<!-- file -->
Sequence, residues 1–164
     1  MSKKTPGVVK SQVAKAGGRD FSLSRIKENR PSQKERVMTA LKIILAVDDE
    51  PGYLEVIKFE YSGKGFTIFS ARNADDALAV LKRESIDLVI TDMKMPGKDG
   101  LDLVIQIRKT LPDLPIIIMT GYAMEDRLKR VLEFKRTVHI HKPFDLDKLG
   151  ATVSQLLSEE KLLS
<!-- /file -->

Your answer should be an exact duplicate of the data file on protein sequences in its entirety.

Sequence, residues 1–164
     1  MSKKTPGVVK SQVAKAGGRD FSLSRIKENR PSQKERVMTA LKIILAVDDE
    51  PGYLEVIKFE YSGKGFTIFS ARNADDALAV LKRESIDLVI TDMKMPGKDG
   101  LDLVIQIRKT LPDLPIIIMT GYAMEDRLKR VLEFKRTVHI HKPFDLDKLG
   151  ATVSQLLSEE KLLS